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2340 West Chester Pike, Broomall, PA

American Legion Post 805

Explanation of the Preamble to the Constitution

“For God and Country, we associate ourselves together for the following purposes: To uphold and defend the Constitution of the United States of America…”

The first of the 10 principles of The American Legion and Auxiliary is a sacred pledge of allegiance to the Constitution of the United States.  It is most appropriate that the first ideas presented in the Preamble be dedicated to the continued defense of our nation by those very persons who have either served in wartime or had a close relative who served.  The pledge to uphold and defend America is the first obligation of every Legionnaire and Auxiliary member. 

“To maintain law and order…”

Law and order must be maintained if freedom is to be maintained.  Liberty is not license.  Good government means that all citizens are secure in their lives and property.  To this, the American Legion and Auxiliary are pledged by the second principle stated in the Preamble.

“To foster and perpetuate a one hundred percent Americanism…” The term “Americanism” covers all of the things that have made the American nation great and the American people free.  It implies qualities of character as well as principles of government.  Under this Constitution’s principles, the American Legion and Auxiliary have worked, and are continuing to work, to defeat the attempts of subversive organizations to undermine our system.  We attempt to build loyalty to and confidence in American ideals, and to develop an American citizenship capable of making America’s free form of government a constantly greater success.

“To preserve the memories and incidents of our associations during the Great Wars…”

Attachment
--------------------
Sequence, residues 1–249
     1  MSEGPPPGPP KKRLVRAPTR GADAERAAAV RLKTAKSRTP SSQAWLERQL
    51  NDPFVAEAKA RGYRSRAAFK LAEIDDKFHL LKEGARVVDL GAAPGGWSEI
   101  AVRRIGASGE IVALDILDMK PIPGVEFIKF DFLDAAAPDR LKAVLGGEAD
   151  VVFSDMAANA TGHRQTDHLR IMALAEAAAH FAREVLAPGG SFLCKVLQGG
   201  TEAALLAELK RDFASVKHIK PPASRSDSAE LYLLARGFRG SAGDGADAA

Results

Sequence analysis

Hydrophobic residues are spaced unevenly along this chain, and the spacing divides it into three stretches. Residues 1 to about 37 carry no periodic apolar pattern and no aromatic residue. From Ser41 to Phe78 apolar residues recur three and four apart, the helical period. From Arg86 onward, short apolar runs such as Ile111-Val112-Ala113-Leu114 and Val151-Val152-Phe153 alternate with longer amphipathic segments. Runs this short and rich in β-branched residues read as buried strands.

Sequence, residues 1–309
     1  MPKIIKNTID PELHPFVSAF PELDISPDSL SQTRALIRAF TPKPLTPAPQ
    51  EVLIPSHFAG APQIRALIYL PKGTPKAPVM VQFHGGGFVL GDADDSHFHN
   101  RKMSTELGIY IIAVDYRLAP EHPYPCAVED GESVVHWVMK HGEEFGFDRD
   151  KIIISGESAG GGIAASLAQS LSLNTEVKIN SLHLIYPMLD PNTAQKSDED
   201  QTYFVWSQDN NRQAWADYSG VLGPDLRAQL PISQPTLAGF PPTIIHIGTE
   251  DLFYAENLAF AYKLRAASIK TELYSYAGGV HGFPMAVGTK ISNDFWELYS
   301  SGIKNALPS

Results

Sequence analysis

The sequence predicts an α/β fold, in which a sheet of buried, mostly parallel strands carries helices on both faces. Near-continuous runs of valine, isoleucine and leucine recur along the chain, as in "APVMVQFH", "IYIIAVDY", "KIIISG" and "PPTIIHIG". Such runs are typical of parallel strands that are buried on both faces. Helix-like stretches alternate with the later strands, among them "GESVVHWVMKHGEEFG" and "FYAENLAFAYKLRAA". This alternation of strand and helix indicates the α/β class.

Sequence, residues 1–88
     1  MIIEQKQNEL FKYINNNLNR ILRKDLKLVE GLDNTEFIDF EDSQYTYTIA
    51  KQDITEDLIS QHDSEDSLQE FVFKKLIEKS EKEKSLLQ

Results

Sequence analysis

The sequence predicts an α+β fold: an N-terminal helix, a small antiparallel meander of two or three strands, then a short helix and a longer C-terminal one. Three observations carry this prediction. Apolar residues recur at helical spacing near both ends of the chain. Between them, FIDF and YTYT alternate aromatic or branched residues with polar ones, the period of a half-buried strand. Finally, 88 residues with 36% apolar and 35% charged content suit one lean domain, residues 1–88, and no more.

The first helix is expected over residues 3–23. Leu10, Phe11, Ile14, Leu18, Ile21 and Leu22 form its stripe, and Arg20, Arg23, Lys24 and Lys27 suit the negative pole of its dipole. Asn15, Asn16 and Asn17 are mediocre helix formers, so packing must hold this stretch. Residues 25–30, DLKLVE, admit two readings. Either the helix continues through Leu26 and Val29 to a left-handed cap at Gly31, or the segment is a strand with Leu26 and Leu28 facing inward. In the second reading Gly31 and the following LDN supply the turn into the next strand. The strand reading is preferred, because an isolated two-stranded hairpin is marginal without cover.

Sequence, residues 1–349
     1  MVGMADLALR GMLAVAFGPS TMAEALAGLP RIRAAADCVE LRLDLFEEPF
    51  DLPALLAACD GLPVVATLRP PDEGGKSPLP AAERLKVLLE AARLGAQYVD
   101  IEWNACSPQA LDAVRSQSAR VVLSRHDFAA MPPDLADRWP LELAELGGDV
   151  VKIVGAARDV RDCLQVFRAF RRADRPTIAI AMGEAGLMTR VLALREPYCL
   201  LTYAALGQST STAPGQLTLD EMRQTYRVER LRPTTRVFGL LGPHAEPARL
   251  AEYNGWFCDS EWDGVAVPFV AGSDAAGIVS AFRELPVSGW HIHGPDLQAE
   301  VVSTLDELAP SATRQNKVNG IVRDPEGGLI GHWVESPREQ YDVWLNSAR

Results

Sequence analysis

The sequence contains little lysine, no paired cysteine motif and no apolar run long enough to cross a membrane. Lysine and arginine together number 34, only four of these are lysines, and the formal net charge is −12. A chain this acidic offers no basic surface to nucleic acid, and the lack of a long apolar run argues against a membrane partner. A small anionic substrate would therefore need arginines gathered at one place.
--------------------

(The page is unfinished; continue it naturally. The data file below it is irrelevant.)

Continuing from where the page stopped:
Every member of the American Legion and Auxiliary has close personal associations with the sacrifice of war, be it World Wars I and II, Korea, Vietnam, Grenada/Lebanon, Panama, Persian Gulf War (Operation Just Cause, Operation Desert Shield/Desert Storm, and the War in Afghanistan.  The associations and incidents of these struggles are to be remembered not only for their heroes, their victories for freedom, but also to remind us of the awful implications and inevitable tragedies accompanying war.

“To inculcate a sense of individual obligation to the community, state and nation…”

The individual is the basis of the American nation.  Unlike other ideas of government, the American ideal places the individual first.  The nation belongs to the individual, not the individual to the nation.  The government exists for the purpose of serving the individual, not the individual for the purpose of serving the nation.  If this ideal is to survive, there must be a voluntary sense of obligation of the individual to the nation and its component parts, the community and state.  The American citizen serves his community, state and nation, not as a driven slave, but as a free man guided by his own sense of duty.  To inculcate this feeling among all Americans is one of the great purposes of the American Legion and Auxiliary. 

“To combat the autocracy of both the classes and the masses…”

If America is to remain “the land of the free,” the government must always be a government of all the people and for all the people.  No classes are recognized in America.  No masses of downtrodden people exist.  Neither must be permitted to develop, but America must be kept the country of opportunity for all, where every citizen’s first allegiance is to the nation, not to some social or economic class or mass.  Dominance must not be gained by any such grouping of Americans.  This is another basic pledge of the American Legion and Auxiliary.

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